A stalled bio-gas project will get at least one more review from Tulare’s Board of Public Utilities (BPU)despite the Board’s denying the company behind the project a second 12-month discount on its rent.
Instead of another year of reduced payments–at a loss of some $53,000 for the city–Colony Energy Partners received a one-month reprieve on a scheduled rent increase for city-owned property on Paige Avenue, and another shot at selling its project to the Board during that body’s next meeting on May 18.
On Borrowed Time
As early as 2012, Colony Energy Partners, a group of investors with several alternative energy projects, approached City Hall with a plan to turn waste from several sources into fuel. Later, with the idea Colony might ink an agreement with the city to harvest its waste in an extension of the original plan, company officials signed a long-term lease that allowed them to pay a reduced rent until the project was underway.
The clause covering the discounted rent payment that ran out last year. In May 2016, the former BPU, which has since been replaced, agreed to extend the period of reduced payments for a year. The extension, Colony said at the time, would allow it to complete negotiations with the city on the $20-million, two-decade deal. Then talks stopped and controversy began.
Where They Left Off
The controversy hasn’t ended, and both the old and new BPU have met
repeatedly in closed session with its lawyer to discuss the potential of a lawsuit resulting from the Colony deal, but now company reps say they’d just like to pick up as if the negotiations never stalled.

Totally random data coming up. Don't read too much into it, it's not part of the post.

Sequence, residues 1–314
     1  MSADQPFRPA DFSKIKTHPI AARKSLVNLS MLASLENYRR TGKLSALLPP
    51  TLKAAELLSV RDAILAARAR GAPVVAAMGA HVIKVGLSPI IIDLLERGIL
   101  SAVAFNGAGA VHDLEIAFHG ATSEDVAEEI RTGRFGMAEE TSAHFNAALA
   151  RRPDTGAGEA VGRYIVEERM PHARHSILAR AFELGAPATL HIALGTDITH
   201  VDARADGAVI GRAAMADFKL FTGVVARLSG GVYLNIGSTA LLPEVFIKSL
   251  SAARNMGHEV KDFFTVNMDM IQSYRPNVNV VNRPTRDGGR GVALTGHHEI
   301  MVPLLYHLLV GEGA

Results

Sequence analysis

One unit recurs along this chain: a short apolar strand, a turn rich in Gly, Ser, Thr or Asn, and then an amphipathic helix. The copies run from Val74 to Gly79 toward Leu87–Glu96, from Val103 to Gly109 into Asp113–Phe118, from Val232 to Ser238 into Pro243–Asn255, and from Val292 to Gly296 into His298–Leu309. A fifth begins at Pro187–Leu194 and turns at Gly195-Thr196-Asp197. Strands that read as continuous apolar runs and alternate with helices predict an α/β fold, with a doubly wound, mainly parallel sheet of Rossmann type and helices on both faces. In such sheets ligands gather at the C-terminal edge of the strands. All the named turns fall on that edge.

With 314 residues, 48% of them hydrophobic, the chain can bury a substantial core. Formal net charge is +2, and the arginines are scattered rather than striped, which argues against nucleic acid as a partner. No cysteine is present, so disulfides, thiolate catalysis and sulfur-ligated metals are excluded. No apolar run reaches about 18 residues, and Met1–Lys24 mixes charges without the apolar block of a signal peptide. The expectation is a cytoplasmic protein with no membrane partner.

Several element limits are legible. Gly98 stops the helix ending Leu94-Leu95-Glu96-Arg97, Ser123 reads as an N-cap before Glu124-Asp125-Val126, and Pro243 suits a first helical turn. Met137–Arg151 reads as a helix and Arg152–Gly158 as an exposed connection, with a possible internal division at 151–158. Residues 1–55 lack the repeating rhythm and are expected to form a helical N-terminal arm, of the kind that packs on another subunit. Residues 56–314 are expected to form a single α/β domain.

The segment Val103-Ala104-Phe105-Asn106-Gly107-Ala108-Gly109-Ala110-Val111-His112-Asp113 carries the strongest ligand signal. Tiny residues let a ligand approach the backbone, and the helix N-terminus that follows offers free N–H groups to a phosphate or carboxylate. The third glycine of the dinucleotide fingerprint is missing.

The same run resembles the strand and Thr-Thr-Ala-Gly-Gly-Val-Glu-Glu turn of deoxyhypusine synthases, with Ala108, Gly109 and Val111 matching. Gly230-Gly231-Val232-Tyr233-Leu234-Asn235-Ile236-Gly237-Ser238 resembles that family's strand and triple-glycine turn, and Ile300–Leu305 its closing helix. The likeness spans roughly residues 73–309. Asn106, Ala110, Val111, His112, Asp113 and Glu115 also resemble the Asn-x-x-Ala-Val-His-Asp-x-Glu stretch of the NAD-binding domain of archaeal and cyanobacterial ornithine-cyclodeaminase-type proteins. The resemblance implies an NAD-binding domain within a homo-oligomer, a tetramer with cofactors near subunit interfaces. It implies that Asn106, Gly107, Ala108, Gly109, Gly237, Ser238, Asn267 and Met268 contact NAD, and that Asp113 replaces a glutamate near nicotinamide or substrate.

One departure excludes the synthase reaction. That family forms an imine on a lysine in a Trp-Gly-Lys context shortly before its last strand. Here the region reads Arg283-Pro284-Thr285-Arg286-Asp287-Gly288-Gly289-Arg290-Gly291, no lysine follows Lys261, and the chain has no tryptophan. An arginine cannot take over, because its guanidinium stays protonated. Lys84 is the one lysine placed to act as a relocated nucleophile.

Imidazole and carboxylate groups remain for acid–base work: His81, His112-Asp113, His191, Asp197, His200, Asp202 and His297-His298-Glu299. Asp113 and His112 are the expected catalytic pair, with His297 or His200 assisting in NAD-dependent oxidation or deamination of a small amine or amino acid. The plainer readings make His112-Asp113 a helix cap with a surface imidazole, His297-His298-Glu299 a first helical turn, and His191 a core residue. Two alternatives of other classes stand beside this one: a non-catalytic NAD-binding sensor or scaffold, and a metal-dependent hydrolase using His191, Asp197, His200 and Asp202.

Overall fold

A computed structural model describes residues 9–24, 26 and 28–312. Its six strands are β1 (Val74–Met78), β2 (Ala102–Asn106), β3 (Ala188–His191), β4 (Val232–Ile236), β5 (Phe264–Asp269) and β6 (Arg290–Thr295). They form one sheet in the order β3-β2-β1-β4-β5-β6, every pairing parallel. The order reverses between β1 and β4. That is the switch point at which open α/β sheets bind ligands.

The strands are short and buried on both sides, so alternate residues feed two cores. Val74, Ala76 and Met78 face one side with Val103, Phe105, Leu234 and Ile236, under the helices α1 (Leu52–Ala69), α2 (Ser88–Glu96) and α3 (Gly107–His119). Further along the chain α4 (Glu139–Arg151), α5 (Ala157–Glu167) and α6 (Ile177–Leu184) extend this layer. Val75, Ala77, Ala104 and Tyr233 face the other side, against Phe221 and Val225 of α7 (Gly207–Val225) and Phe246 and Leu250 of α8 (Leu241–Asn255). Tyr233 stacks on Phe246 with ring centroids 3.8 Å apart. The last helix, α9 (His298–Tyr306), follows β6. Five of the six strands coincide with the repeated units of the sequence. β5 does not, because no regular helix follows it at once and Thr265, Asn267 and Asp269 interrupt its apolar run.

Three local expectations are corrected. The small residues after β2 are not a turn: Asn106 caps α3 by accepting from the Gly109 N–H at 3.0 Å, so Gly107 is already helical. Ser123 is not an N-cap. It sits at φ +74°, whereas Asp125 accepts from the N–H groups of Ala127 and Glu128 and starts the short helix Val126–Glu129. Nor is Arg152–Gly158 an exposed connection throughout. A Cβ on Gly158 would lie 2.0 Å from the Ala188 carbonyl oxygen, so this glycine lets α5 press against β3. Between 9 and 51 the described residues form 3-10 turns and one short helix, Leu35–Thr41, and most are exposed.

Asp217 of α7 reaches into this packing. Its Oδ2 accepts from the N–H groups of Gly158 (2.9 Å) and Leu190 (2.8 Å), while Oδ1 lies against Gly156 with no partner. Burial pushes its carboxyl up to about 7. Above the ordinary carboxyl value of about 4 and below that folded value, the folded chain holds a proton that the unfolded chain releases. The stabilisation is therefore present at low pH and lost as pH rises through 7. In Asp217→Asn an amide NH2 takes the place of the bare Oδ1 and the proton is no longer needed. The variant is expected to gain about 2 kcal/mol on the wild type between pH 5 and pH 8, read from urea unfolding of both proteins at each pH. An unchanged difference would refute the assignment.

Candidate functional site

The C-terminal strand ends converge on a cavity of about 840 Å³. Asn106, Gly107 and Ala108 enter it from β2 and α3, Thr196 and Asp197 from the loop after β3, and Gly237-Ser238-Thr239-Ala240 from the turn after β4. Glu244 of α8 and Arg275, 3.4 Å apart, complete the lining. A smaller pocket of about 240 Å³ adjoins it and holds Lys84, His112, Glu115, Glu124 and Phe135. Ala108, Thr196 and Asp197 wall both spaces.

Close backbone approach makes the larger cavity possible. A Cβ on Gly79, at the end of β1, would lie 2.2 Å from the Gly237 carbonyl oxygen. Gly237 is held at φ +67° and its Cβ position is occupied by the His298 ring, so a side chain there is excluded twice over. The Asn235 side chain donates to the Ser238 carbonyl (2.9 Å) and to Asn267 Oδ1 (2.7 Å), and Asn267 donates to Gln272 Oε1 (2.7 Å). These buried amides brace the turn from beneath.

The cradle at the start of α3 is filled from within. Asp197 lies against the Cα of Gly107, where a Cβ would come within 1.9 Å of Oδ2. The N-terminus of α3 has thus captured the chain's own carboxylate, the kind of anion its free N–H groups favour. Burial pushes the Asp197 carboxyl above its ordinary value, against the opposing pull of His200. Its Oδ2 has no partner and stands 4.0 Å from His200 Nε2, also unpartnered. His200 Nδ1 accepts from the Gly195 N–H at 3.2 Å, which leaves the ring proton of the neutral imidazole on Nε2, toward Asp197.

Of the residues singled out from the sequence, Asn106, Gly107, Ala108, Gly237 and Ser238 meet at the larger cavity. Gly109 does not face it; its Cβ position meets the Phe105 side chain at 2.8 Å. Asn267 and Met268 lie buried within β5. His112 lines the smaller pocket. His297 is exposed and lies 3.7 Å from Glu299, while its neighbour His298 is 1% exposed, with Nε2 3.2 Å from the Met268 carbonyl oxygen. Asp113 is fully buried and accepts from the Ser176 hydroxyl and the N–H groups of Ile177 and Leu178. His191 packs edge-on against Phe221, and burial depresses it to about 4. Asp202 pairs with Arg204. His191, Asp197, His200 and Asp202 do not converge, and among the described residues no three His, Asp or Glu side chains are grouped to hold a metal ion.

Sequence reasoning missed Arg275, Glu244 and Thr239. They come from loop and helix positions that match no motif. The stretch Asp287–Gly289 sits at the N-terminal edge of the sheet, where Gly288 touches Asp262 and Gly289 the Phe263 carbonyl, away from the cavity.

Unfortunately, the situation isn’t that simple anymore.
After City Hall and Colony stopped negotiating, the BPU assumed the deal was dead, and they had a letter from Colony they thought said so. City staff asked for and got permission to start negotiating with another company–Fuel Cell Energy–that answered the original request for a proposal. Fuel Cell has since signed a separate agreement to operate a 2.8-megawatt plant at the Tulare Waste Water Treatment Facility, and the company is deep in negotiations for the waste supply Colony needs to make a go of its project.
The city and Fuel Cell have a power purchase agreement (PPA) ready for the BPU’s approval scheduled for consideration at an upcoming BPU meeting, and no serious talks with Colony have taken place since July of last year.
“The PPA for that system is done,” interim City Manager Joe Carlini told the BPU at its May 4 meeting. The only thing that could stop the contract with Fuel Cell, he said, would be rejection by the BPU. “Unless you deny that, we’re here.”
New Board, Old Deal
Still, Colony is being given more time to plead its case. The latest look at Colony’s offer comes after an appearance by Mayor Carlton Jones at a BPU meeting back on February 16. At that meeting, which followed a presentation by Colony Energy reps to the City Council in January, Jones expressed his concerns about the BPU deciding not to have its lawyer review the appropriateness of staff’s communications with Colony during negotiations.
At the same meeting, the BPU heard another presentation from Colony reps hoping to get new life for their project. The Board then voted to OK the start of negotiations for a PPA with Fuel Cell for the same gas Colony called “imperative” to getting its project off the ground.
The following month, the City Council removed two of the BPU members. The remaining three resigned. Only one, James Pennington, returned after being reappointed. He now serves as BPU president, governing a group that was not overly welcoming to Colony’s executives, who again appeared before them on May 4.